The first battle for freedom
- The ancient Sri Lankans were known to be 'Yakkas' as there lived a group of people with no discipline or ethics whatsoever. The Aryans from North India invaded the island and the war between the 'Yakkas' and Aryans was won by the latter, thus began the development and civilization of the people of Sri Lanka who conducted themselves in a moral manner
We possess centuries of history on record filled with agitation and riots, lost and won contributing to our independence and known as the first fight for freedom.
The ancient Ceylonese were known to be 'Yakkas' as there lived a group of people with no discipline or ethics whatsoever. The Aryans from North India invaded the island and the war between the 'Yakkas' and Aryans was won by the latter, thus began the development and civilization of the people of Ceylon who conducted themselves in a moral manner.
The 'yakkas' though by name were not a fierce tribe; according to the Mahawamsa they were ordinary humans, not developed in any technology when compared to the Aryans but neither were they undeveloped or violent. They were a set of greedy, boisterous, hot-tempered, cannibals. They were rid of the island by the Aryans. This too has been recorded from the known century as superstitious myths but if deeply assessed it is far from it. The war by the Aryans can be segregated into into three sections. The first was during the period of Lord Buddha, the second was the period when King Vijaya came to the island and the third during the reign of King Pandukhabaya. During these wars, the Aryans cannot boast of complete victory over the 'yakkas' and neither can their prowess be ignored, as they reformed themselves to an extent that they are today a disciplined race and cannot be identified as those who belonged to this tribe.
The first chapter of the Mahavamsa describes the first war as one that took place nine months after Lord Buddha attained enlightenment and he came to Mahiyangana in the hope of banishing the 'yakkas' who were at a meeting with all their leaders at that time. The 'Yakkas' lived in the banks of the Mahaveli River in Mahiyangana in the gardens of Mahanaga and the objective of Lord Buddha's visit was to destroy them. He raised thunder storms and frightened them away and the place Lord Buddha visited in Mahiyangana is symbolized by a stupa. God Saman enshrined a lock of hair of Lord Buddha in the Mahiyangana stupa. The 'yakkas' are believed to have moved to the island of Giri and the central mountainous range. The 'yakkas' though defeated were not completely destroyed but controlled. The production of rain, storm and darkness by Lord Buddha was to chase the 'yakkas' away from civilization.
The seventh chapter of the Mahavamsa relates the advent of King Vijeya and his men who landed at Thambapanni, met Kuveni of the 'yakka' tribe disguised as a beautiful woman but was really a 'yakkini' named Sesapathi. Vijeya was on the lookout for a kingdom to call his own when he met Kuveni and he assumed that the area was unpopulated. As Vijeya's men disappeared mysteriously and Vijeya was faced with the same fate, he was able to frighten Kuveni into submission. His first sight of Kuveni was at a spinning wheel which showed that cloth technology was developed. Kuveni's name depicted a dark person. The name Vijeya meant victory. He came to the island with a group of 700 and was searching for food at Thambapanni. Kuveni treated them with food that she had plundered from foreign traders showed her prowess as a sea pirate and a queen who led the 'yakkas'. Vijeya and Kuveni spent the first night of their marriage under a screened off tree. That night he heard the sounds of a percussion band. When questioned, Kuveni said that it was the wedding of a 'yakka' leader to a princess from afar. He realized that this was the best opportunity to kill the 'yakkas' and with the help of Kuveni, he destroyed many of the 'yakka' tribe. The wedding was between Mahakalasena, the leader of the 'yakka's' of Lankapura and Polmitha, the daughter of Konda. This proves the existence of 'yakka' leaders around the island in small groups. Vijeya killed them and wore the jewelry he looted. It also proved that their was some form of developed craftsmen among the tribe. Vijeya waged war with these groups and returned victorious and the 'yakkas' were chased away. Vijeya's ministers conquered the Uruwila, Udeni and Anuradha area and developed them into villages.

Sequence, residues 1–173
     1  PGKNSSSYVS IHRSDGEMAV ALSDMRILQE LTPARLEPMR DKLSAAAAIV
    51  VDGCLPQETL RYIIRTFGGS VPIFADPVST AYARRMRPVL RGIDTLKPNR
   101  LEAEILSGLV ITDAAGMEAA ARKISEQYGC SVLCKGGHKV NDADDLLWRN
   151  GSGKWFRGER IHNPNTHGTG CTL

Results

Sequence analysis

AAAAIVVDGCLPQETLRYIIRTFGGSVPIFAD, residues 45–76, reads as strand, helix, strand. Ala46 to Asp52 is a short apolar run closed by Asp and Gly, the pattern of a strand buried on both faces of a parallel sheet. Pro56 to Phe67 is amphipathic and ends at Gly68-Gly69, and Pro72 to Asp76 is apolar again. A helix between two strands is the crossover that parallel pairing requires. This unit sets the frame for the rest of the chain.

The third war between the Aryans and the 'yakkas' was during the reign of King Pandukhabaya. According to the tenth chapter of the Mahawamsa, Prince Pandukhabaya waged war against his uncles at Dimbulagala where previously King Vijeya had invaded and killed, Chethiya who lived in a rock fortress named Chinnapasse, wife of the yakka, Juthindra and captured the village. Chethiya took the form of a horse and was difficult to be captured. But Pandukhabya was able to destroy her and was helped by the 'yakkas' in this battle. Diga Gamini, Pandukhabaya's father and the two 'yakkas' Kalawela and Gopakachiththa who were his childhood friends helped him achieve victory. In 4 A.D. Prince Pandukabhaya made Anuradhapura his capital and for the first time a boundary was formed to establish his kingdom. Yet he cared for the 'yakkas' and he constructed a devale in the west for Kalawela and a devale for Chiththaraja near the Abhaya wewa. Thus he put up many devales and during the fetivities, King Pandukhabaya participated in the ceremonies with Chiththtaraja by his side on horseback.
The tenth chapter of the Mahavamsa in section 104 - 105 states that rulers though were at war with the 'yakkas' there are instances where they had close relationship with them. The Aryans and 'yakkas' have lived together down the realm of history.